EAGLES: Both of those are good examples. White Town is the one joke I added to the movie; I had no idea that they were going to do that. I had no idea. Jeymes kept telling me, you’ve got to see Maysville; it wasn’t in the script, but he had planned for the town to be literally all white, including white horses and everything. It is a big job, and it happened really fast for them to paint the whole town white.

They were making big swings, with all of the decisions, whether it be production design or camera. The whole thing had a very graphic and bold feeling. So when it came time to do things like chyron that would typically be lower thirds, it just felt like I wanted something a lot bolder.

So I think all of those things influence you; sometimes directly, sometimes indirectly. Sometimes it’s just over the process of watching the dailies for three months, you get into the rhythm and the vibe of the film, but certainly the production design in this movie I think is just beautiful.

HULLFISH: What is your process when you’re in dailies? When you walk into new dailies for a new scene that you’ve never seen before. How do you have your assistants prepare that? And what do you do to get a handle on the scene before you make the first cut?

EAGLES: I try and watch everything before I start cutting, but there’s sometimes a point where you think you know what the sequence is, and you need to start organizing your thoughts. As I watch material and throw things into its select reel, it’s roughly in order, and I guess I’m looking for the fulcrum in the scene.

I am looking for what’s interesting shot-wise and what’s interesting performance-wise, and they’re not always the same thing.

I’m looking for the pressure points in the script, but I’m also looking for what’s interesting in the material. I am looking for what’s interesting shot-wise and what’s interesting performance-wise, and they’re not always the same thing. Once you find those kinds of nuggets, you have something to build your scene around. Sometimes I’ll make odd choices at that point and then try to reverse-engineer the scene to fit and to work around that strange choice. If there’s a great performance and an odd frame, I’ll try and make it work. It’s just a process, and by going through that process, you find out what the scenes are really about.

HULLFISH: When you’re watching dailies, are you watching from individual setups in bins, or do you string them out into a longer KEM roll?

EAGLES: I do both, which is terrible; I’m very cruel to my assistant editors led by the wonderful John Sosnovsky. I really needed another assistant because we were getting so much material and because I was asking them to ScriptSync, and I also really needed a music editor. So as a compromise, Netflix gave me an assistant editor who was good with music, and he helped out through the shooting period as well.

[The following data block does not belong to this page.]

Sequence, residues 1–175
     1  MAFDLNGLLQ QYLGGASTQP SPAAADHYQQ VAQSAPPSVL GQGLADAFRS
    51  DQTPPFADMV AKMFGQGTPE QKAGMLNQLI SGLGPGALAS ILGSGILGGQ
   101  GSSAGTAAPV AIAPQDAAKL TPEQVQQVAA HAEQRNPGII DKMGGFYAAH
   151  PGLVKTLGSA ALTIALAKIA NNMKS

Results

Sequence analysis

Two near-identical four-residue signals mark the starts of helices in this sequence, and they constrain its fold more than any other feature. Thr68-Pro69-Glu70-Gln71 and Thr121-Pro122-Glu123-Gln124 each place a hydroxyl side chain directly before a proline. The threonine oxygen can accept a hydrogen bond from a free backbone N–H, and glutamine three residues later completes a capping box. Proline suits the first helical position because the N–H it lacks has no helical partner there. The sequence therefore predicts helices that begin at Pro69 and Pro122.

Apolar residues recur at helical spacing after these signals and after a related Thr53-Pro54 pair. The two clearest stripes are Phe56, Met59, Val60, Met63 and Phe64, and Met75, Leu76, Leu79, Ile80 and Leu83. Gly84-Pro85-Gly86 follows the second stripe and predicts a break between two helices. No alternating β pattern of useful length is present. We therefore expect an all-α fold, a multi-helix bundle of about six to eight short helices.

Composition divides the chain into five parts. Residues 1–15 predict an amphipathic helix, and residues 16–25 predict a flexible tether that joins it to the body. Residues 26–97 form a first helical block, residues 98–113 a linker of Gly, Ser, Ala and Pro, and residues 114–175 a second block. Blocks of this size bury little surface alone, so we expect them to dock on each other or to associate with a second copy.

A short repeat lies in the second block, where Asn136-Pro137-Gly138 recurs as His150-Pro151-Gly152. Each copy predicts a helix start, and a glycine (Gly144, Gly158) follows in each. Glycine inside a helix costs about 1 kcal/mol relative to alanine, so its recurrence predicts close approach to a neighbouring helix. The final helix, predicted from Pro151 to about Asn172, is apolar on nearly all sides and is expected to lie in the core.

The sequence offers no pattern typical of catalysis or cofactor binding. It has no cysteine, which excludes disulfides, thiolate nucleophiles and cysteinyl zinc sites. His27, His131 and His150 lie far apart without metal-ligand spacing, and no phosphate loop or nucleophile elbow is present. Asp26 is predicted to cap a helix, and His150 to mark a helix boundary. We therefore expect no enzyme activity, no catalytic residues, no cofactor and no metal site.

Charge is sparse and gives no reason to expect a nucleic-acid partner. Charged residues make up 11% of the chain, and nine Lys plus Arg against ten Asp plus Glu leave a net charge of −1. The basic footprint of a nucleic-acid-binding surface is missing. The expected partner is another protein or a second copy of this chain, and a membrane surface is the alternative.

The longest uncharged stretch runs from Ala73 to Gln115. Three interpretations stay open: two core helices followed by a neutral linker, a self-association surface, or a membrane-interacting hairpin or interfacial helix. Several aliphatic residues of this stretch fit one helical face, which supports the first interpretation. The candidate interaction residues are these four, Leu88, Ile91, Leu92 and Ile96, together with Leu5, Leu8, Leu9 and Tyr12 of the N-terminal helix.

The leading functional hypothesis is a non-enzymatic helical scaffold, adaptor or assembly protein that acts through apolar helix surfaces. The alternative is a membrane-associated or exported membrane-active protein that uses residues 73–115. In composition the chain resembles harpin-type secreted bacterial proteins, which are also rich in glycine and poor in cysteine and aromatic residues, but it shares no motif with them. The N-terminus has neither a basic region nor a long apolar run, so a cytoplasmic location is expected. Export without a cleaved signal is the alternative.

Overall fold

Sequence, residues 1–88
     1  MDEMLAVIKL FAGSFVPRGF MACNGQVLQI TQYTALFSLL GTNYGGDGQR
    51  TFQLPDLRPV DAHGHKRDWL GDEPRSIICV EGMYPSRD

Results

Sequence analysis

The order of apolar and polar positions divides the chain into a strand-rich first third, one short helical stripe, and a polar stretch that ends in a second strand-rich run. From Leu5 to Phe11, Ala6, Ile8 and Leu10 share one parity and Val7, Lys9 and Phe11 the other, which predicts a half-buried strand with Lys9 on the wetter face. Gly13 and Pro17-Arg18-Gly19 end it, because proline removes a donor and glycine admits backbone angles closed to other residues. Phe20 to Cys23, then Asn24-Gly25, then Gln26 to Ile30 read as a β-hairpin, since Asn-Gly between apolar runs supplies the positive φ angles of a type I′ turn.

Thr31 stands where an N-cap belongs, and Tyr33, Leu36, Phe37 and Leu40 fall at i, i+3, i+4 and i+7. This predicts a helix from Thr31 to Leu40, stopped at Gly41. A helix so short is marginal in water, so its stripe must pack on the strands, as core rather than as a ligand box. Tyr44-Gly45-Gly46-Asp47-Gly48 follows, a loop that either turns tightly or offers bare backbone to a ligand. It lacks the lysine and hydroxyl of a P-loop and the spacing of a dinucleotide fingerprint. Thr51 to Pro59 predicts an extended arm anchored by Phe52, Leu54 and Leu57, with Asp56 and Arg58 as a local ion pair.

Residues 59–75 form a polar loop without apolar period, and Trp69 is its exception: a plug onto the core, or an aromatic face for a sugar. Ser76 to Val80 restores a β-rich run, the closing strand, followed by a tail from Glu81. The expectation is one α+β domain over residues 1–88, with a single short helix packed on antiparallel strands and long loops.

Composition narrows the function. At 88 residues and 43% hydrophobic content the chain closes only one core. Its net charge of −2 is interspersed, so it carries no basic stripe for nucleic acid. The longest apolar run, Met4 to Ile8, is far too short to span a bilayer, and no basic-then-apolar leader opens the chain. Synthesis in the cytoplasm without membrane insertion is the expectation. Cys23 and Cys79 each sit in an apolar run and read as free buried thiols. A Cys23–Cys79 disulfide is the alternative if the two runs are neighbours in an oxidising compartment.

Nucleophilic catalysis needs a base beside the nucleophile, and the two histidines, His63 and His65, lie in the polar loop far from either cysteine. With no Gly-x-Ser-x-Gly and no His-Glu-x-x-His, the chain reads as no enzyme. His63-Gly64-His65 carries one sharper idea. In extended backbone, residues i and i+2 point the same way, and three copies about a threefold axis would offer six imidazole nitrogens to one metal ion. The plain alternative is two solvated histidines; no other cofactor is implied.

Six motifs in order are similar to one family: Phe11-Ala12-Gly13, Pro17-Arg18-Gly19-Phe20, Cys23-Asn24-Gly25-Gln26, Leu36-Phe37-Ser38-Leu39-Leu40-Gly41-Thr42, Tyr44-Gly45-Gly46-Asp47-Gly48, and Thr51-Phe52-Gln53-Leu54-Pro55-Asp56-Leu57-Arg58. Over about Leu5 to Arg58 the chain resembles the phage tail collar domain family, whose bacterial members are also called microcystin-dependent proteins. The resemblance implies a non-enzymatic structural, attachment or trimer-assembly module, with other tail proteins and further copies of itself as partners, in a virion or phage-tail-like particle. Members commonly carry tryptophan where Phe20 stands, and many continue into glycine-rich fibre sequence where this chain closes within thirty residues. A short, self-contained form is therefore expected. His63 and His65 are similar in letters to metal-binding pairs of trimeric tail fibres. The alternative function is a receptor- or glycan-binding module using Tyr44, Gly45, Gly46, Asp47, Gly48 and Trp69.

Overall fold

I’ve soaked up various different methodologies from various different editors that I have worked with, and I’ve wound up liking them all. So I have all the shots laid out in a grid view. So I can see them visually, and if there are two cameras, I have them grouped together and then the group clip below. I also had them do a KEM roll type, and then I also had script sync, so it was a lot to ask of my assistants, but it makes my process a lot more efficient.

I do try and use the KEM roll or scene sequence to stop me from doing too much. Sometimes I’ll try and sit back on the couch where I have a Bluetooth keyboard, and I just throw on log headers because the temptation is to either start cutting straight away or to get a little bit too carried away in classifying material.

I started out fast in television, where you just had to be decisive and quick. Now I know that I will get another chance to go back and that my objectives will probably change when I do go back through the material. Knowing now that I’m looking for different things or I’ve learned something different about a character. I’m not so tough on myself the first time, so I don’t really start cutting until I have an idea of what I want to do with the scene, but I try not to be too rigid about it. Halfway through the cutting, I might decide that my idea was rubbish and I have to throw it out.

I think there’s this side of me that wants to watch everything that comes from having done a lot of improv and a lot of comedy. So literally every time, it’s different. We did actually have a lot of improv in this film; oddly enough, you wouldn’t think that a lot of stuff was improvised, so that made me really feel like I had to see everything.

I feel a responsibility to be a fresh set of eyes, so the circled takes for me are a little bit irrelevant. I’ll watch them as I watch everything, but I have this little bit of hubris in me that I will have a better idea.

HULLFISH: So many directors will say, oh, that was my circled take. And then, once they’re in the comfort of the edit suite, they look at their choices and wonder why on earth they thought that was the best take.

EAGLES: Exactly, but they have something they are going for, and it is a bit of a journey, usually for them to figure out at some point. Sometimes you figure it out right away, and other times, you need to do 20 takes and figure it out later. So sometimes they need us, we can be helpful with their process with our fresh set of eyes.

HULLFISH: Absolutely. Tom, thank you so much for a really interesting discussion of this movie, and I hope everybody gets a chance to watch it. It’s very entertaining.

EAGLES: Thank you.

Steve Hullfish

Stephen Hullfish is an internationally respected producer and editor, and has written six books about the professional scene in Hollywood. He has edited seven feature films, including "Courageous" and "War Room", as well as "The Oprah Winfrey Show". Steve has also worked with industry leaders like Avid, Adobe, Blackmagic, Fujifilm, and Tektronix on technical and creative projects, and produces bespoke training for companies like the NHL, MLS, NBCSports, and Turner Networks.

Art of the Cut: Achieving a State of “Euphoria”

Art of the Cut: Getting Bloody Revenge in “The Northman”

Art of the Cut: Navigating Love and Loss in “Drive My Car”